While the Government's proposed 620,000sq km Kermadec Ocean Sanctuary, announced last year, was "a big step towards protecting areas potentially at risk from deep-sea mining", it may not be enough to safeguard unique communities from mining activities, Boschen said.
"There are many SMS deposits south of the proposed sanctuary that are not offered adequate protection, including the seamounts in this study and some other sites on the Arc that are important to regional population connectivity."
One of the supervisors of her research, Dr Malcolm Clark from Niwa, is leading a $3.7 million programme supported by the Marsden Fund to explore the potential environmental impacts of controversial deep-sea mining.
While the Government has stated a strategic priority to reap benefits from seabed resources, the sustainability and integrity of the natural environment also had be maintained, Clark said in a recent interview with the Herald.
What we know about the structure of deep-sea communities remained limited, Clark said; it's estimated that only 20 to 30 per cent of the seafloor species have been formally described.
Because deep-sea mining had not yet taken place anywhere in the world, the actual effects were uncertain.
Most studies to date had focused on the direct impact of disturbance, and there had been little work looking at the effects of sedimentation from deep-sea mining.
Work that had been carried out in shallow water couldn't be applied to what might be expected in deep-sea habitats, where effects would vary between sites and depths.
Environment Minister Nick Smith said a "robust regime" put in place with the EEZ Act in 2013 ensured requirements for any permits or checks on seabed mining in the EEZ.
"There have been four substantive applications since, with two approved and two declined.
"This shows the system is taking a balanced approach."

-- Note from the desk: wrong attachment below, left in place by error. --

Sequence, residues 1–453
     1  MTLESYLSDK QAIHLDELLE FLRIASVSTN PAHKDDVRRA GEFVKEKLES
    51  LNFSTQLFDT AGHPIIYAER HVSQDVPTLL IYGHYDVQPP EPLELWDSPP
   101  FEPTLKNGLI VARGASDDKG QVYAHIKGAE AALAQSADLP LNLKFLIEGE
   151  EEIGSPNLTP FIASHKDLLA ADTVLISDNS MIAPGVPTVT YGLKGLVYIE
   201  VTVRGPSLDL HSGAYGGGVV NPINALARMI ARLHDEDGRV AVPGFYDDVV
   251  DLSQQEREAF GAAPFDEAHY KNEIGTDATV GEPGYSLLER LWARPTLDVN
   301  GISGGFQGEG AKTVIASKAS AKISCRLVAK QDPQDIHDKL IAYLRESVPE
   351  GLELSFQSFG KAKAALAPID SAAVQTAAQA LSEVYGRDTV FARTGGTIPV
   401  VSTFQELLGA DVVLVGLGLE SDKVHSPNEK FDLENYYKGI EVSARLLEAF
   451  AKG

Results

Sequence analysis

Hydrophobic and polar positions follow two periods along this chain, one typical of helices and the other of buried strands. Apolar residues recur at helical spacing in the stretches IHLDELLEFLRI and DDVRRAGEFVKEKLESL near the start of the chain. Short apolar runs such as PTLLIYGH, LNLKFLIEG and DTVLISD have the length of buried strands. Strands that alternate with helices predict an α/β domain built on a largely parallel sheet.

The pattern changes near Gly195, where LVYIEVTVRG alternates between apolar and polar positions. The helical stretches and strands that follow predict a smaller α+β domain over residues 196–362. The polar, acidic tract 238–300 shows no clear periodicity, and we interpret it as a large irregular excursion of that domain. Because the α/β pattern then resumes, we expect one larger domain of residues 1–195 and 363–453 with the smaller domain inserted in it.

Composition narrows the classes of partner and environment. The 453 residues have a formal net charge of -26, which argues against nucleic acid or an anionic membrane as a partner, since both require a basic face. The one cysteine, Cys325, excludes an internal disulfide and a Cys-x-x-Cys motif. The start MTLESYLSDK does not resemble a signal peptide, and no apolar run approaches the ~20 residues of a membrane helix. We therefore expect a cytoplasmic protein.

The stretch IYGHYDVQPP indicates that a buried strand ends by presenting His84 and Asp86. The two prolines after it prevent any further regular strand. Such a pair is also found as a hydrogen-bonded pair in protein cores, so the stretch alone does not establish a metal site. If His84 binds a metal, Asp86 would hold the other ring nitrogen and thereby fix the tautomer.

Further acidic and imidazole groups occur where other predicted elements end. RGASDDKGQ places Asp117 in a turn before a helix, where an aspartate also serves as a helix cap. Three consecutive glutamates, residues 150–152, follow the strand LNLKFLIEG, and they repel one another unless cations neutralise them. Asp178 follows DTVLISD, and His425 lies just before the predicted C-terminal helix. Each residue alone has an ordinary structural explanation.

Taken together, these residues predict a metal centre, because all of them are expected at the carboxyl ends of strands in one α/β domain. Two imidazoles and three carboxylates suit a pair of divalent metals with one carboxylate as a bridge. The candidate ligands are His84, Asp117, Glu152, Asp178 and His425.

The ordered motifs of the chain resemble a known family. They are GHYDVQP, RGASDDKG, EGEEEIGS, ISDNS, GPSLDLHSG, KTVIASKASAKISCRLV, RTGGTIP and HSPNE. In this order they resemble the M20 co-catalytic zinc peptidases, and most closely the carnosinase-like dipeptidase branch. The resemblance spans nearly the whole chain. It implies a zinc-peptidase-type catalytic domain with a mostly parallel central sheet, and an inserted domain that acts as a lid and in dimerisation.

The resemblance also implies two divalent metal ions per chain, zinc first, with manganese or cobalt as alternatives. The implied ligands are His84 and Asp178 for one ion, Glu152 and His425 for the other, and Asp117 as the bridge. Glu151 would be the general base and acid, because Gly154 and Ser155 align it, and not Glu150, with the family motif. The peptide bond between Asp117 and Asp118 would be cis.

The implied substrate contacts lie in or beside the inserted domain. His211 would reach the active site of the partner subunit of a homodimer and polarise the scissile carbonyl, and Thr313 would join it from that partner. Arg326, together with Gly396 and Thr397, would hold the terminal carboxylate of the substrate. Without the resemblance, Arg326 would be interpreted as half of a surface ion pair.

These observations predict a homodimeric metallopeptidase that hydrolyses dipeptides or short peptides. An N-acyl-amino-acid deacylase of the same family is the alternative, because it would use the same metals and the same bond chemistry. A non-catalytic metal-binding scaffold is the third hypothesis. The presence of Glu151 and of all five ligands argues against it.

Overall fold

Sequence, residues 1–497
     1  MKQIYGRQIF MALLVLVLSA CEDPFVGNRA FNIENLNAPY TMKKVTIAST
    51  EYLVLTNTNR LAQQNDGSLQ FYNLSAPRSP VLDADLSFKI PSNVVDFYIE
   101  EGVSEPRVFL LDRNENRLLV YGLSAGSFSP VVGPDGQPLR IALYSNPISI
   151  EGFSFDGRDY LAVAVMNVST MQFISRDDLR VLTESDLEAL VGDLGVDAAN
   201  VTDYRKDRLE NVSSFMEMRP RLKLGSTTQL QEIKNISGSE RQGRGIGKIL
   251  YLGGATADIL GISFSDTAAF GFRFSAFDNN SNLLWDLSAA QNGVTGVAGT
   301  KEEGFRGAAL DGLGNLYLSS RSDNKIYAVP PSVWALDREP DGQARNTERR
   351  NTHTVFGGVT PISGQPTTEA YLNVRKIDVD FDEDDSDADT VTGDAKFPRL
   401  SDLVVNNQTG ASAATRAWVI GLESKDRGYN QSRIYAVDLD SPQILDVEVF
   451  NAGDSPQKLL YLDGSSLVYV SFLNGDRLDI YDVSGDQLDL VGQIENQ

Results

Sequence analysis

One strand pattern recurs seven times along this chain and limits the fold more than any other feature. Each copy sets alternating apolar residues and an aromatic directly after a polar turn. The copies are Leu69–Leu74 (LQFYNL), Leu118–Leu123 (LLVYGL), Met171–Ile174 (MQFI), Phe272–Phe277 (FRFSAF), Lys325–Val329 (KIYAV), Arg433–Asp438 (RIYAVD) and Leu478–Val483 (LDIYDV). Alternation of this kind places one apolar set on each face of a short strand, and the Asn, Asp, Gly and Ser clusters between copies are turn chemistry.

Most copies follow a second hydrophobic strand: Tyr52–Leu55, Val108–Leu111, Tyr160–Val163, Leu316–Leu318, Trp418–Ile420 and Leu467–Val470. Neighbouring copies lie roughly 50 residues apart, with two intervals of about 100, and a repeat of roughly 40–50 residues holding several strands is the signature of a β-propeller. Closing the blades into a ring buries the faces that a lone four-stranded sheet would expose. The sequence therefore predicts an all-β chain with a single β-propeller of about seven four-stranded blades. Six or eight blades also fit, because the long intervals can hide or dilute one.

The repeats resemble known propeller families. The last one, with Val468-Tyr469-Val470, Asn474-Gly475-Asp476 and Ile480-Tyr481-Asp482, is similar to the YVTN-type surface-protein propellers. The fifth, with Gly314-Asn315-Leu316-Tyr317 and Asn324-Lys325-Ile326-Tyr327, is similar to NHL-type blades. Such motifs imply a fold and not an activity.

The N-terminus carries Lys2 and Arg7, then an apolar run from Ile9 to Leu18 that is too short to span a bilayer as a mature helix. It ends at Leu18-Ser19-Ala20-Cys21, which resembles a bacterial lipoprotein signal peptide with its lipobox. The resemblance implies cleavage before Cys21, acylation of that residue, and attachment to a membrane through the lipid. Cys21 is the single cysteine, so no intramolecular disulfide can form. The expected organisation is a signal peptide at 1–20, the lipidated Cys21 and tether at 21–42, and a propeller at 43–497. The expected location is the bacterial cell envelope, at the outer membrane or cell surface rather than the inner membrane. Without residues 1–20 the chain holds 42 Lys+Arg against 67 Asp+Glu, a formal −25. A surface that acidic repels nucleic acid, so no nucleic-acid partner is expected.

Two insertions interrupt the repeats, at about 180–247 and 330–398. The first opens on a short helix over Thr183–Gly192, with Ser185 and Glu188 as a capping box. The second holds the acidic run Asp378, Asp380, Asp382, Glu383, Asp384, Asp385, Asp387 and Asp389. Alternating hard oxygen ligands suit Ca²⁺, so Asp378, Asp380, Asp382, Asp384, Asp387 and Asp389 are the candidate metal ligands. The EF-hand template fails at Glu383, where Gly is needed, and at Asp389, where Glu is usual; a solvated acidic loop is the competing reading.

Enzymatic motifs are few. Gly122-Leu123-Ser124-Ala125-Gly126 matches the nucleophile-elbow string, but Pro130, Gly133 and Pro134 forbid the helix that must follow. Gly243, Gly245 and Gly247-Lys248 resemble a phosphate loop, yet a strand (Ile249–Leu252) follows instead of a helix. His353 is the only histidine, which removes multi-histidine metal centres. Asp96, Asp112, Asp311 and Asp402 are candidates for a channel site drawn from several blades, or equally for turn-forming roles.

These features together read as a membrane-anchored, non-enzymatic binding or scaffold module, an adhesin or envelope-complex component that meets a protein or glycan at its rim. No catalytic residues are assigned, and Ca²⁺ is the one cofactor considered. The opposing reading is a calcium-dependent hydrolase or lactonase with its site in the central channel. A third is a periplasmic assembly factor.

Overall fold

The EEZ Act also ensured any seabed mining in New Zealand operates within the country's international obligations under various conventions, Smith said.
"Any proposal involving areas including the seafloor communities identified in the study would be thoroughly assessed under an independent assessment process under the EEZ Act."
Off-shore mining in New Zealand
• Mining activities in the Exclusive Economic Zone (EEZ) and Continental Shelf (CS) are regulated by the Exclusive Economic Zone and Continental Shelf (Environmental Effects) Act 2012 (EEZ Act). The EEZ is the area from 12 to 200 nautical miles offshore and the CS is the seabed and subsoil from the 12 nautical mile limit out to the end of New Zealand's submerged landmass.
• Under the EEZ Act, the disturbance or removal of material from the seabed and the deposit of tailings to the sea floor as a result of the mining activity are restricted activities and require a marine consent from the Environmental Protection Authority (EPA).
• Last year, an phosphate mining application by Chatham Rock Phosphate Limited was rejected, with the EPA concluding its operation would cause "significant and permanent adverse effects" on the seabed environment at its proposed site on the Chatham Rise off the coast of Canterbury.
• Trans Tasman Resources has re-applied to the EPA to mine iron ore off the Taranaki coast, after its first bid failed due to concerns about the impact on the environment, iwi and fishing interests, and its economic benefits. Iron-sands seabed mining is different from deep-sea mining.